A simulation experiment was used to further evaluate regression process as proposed by [CIoU paper]. In the simulation experiments, most of the relationships between bounding boxes were covered in terms of distance, scale and aspect ratio. In particular, 7 unit boxes were chosen (i.e., the area of each box is 1) with different aspect ratios (i.e., 1:4, 1:3, 1:2, 1:1, 2:1, 3:1 and 4:1) as target boxes. Without loss of generality, the central points of the 7 target boxes are fixed at (10, 10). The anchor boxes are uniformly scattered at 5000 points (see Figure 5). (i) Distance: 5000 points are uniformly chosen within the circular region centered at (10, 10) with radius 3 to place anchor boxes with 7 scales and 7 aspect ratios. In these cases, overlapping and non-overlapping boxes are included. (ii) Scale: For each point, the areas of anchor boxes are set as 0.5, 0.67, 0.75, 1, 1.33, 1.5 and 2. (iii) Aspect ratio: For a given point and scale, 7 aspect ratios are adopted, i.e., following the same setting with target boxes. All the 5000 × 7 × 7 anchor boxes should be fitted to each target box. To sum up, there are in total 1715000 = 7 × 7 × 7 × 5000 regression cases.

Total final error is defined in the following way:

Adam optimizer with a step learning rate scheduler was used for the training. The initial learning rate and the step size for the step learning were set to 0.1 and to 80, respectively. Training continued for 100 epochs.

Implementation test

The final loss function consists of two terms: classification loss and box loss.

where Lcls is focal loss, and Wbox, Wcls are box and classification loss weights respectively. To calculate Wbox, Wcls, 𝜃 a genetic algorithm was used. To train the genetic algorithm a small subset was extracted from the training set and the values were calculated until the fitness value was found less than the threshold or the process exceeded the maximum allowed iterations.

Results and Discussion

One a simple test we compared two cases of convergence – when the initial box is placed on one of the axes (see Fig. 6, right pane) and when the box is away from the axes (see Fig. 6, left pane). Apparently, the advantage of SIoU-controlled training becomes more obvious in cases when the initial prediction box is away from X/Y axes from the ground truth box: SIoU training converges to the ground truth in 495 epochs while the conventional CIoU is not finding it even in 1000 epochs.

Fig. 7 contains the graphs of simulation experiments for CIoU and SIoU. All of the 1715000 regression cases are summed up in 3D plot where X and Y axes are coordinates of the box center point and Z is the error. As you can see, the maximum error with the proposed SIoU loss is almost two orders of magnitude less than with CIoU. Also note that the surface of error is much smoother in case of SIoU which shows that the total error for SIoU is minimal for all simulated cases.

Another result of the comparison of CIoU- and SIoU-powered training is presented on Fig. 8. The dependence of total error on iteration is much steeper for SIoU as well as the final value is lower.

To assess the efficiency of SIoU we also compared its effect on our proprietary Scylla-Net Neural Network. Scylla-Net is a convolution-based neural network that uses genetic algorithm to define its architecture for a specific dataset given predefined layer types. In analogue with different sizes of Darknet models we used two sizes of the model small: Scylla-Net-S and large: Scylla-Net-L.

For a full-feature test we trained the model and monitored all parameters for 300 epochs of training. The corresponding plots are presented in Fig. 9. Clearly all the monitored metrics not only drastically better during the training but also reach better final values.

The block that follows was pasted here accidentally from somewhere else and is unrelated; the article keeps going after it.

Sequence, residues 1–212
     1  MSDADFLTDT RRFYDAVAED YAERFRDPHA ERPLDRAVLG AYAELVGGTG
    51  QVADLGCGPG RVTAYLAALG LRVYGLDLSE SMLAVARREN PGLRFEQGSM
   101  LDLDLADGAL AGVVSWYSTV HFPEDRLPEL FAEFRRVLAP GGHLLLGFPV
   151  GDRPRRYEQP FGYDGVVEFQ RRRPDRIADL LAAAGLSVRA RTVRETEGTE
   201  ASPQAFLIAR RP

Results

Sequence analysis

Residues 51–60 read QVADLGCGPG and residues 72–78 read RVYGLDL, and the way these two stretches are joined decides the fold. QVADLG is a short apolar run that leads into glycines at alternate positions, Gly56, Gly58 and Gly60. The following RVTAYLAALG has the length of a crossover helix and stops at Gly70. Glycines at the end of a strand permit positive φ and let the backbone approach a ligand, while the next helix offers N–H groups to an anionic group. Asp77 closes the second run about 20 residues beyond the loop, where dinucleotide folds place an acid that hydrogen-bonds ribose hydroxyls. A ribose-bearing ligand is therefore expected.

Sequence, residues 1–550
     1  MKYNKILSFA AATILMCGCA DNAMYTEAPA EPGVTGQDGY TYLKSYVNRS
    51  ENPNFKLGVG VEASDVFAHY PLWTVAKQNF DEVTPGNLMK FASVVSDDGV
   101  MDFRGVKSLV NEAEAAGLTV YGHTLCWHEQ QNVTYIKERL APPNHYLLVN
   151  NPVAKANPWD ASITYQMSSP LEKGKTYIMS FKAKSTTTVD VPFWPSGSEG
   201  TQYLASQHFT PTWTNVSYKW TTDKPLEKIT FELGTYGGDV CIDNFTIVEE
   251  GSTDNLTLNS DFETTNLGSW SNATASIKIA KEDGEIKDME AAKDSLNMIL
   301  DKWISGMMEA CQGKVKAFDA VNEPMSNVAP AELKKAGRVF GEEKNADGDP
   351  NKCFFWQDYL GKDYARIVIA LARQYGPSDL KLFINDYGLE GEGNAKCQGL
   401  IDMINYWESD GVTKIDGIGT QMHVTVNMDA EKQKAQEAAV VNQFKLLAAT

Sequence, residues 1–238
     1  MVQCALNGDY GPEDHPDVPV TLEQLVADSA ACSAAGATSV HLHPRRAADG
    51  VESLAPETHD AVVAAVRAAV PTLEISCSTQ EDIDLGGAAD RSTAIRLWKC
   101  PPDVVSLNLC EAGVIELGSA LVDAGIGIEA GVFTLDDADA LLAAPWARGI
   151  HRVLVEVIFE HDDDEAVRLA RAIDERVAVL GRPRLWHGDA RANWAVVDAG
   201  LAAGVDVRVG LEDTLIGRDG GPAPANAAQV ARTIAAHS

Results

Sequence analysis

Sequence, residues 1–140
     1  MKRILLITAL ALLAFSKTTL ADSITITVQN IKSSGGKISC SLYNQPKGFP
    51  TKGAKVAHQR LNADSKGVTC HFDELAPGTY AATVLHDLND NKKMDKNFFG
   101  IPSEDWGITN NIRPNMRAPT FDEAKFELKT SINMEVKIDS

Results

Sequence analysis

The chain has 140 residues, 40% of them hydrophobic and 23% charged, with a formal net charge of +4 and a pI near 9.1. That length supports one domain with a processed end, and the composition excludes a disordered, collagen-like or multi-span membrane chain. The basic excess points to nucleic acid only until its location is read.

Namely, mAP with the loss function on COCO-val is 52.7% mAP@0.5:0.95 (7.6ms including preprocessing, inference and postprocessing) and 70% mAP@0.5 meanwhile with CIoU loss it is only 50.3% and 66.4% respectively. The bigger model can achieve 57.1% mAP@0.5:0.95 (12ms including preprocessing, inference and postprocessing) and 74.3% mAP@0.5 while other architectures like Efficient-Det-d7x, YOLO-V4 and YOLO-V5 can achieve maximum mAP@0.5:0.95 of 54.4% (153ms), 47.1% (26.3ms) and 50.4% (6.1ms tests done with fp16) respectively. Note that YOLO-V5x6-TTA can achieve about 55% on COCO-val but inference time is very slow (~72ms in float precision 16). Fig. 10 summarizes inference times of different models vs. mAP@0.5:0.95. Obviously, Scylla-Net exserts high mAP values while the model inference time is much lower than those of comparisons.

Finally, to evaluate the improvements on model performance we run the sample images presented by different models/approaches through Scylla-Net trained using SIoU. Figure 11 presents some examples. Note the False Negatives from compared models and differences of reported probabilities.

Conclusion

In this paper, a new loss function for bounding box regression was proposed that can drastically improve both training and inference of Object Detection algorithms. By introducing directionality in the loss function cost, the faster convergence was achieved in the stage of training and better performance in inference compared to the existing methods (such as CIoU loss). Effectively the proposed improvement results in reduction of degrees of freedom (one coordinate vs. two) and the convergence is faster and more accurate.

The claims were verified in comparison with widely used state-of-the art methodologies and measured improvements reported. The proposed loss function can be easily included in any object detection pipeline and will help to achieve superior results.

I would like to express my appreciation to Dr. Ara Ghazaryan for his valuable and constructive input during the compilation of this research into a paper.

Zheng Z., Wang P., Liu W., Li J., Ye R., Ren D. (2019). Distance-IoU Loss: Faster and Better Learning for Bounding Box Regression. Zheng Z., Wang P., Ren D., Liu W., Ye R., Hu Q, Zuo W. (2020). Enhancing Geometric Factors in Model Learning and Inference for Object Detection and Instance Segmentation. Tan M., Pang R., Le Q. V. (2019). EfficientDet: Scalable and Efficient Object Detection. Rezatofighi H., Tsoi N., Gwak J. Y., Sadeghian A., Reid I., Savarese S. (2019). Generalized Intersection over Union: A Metric and A Loss for Bounding Box Regression. Redmon J., Farhadi A. (2018). YOLOv3: An Incremental Improvement. Bochkovskiy A., Wang C-Y., Liao H-Y. M. YOLOv4: Optimal Speed and Accuracy of Object Lin T-Y et. al. Microsoft COCO: Common Objects in Context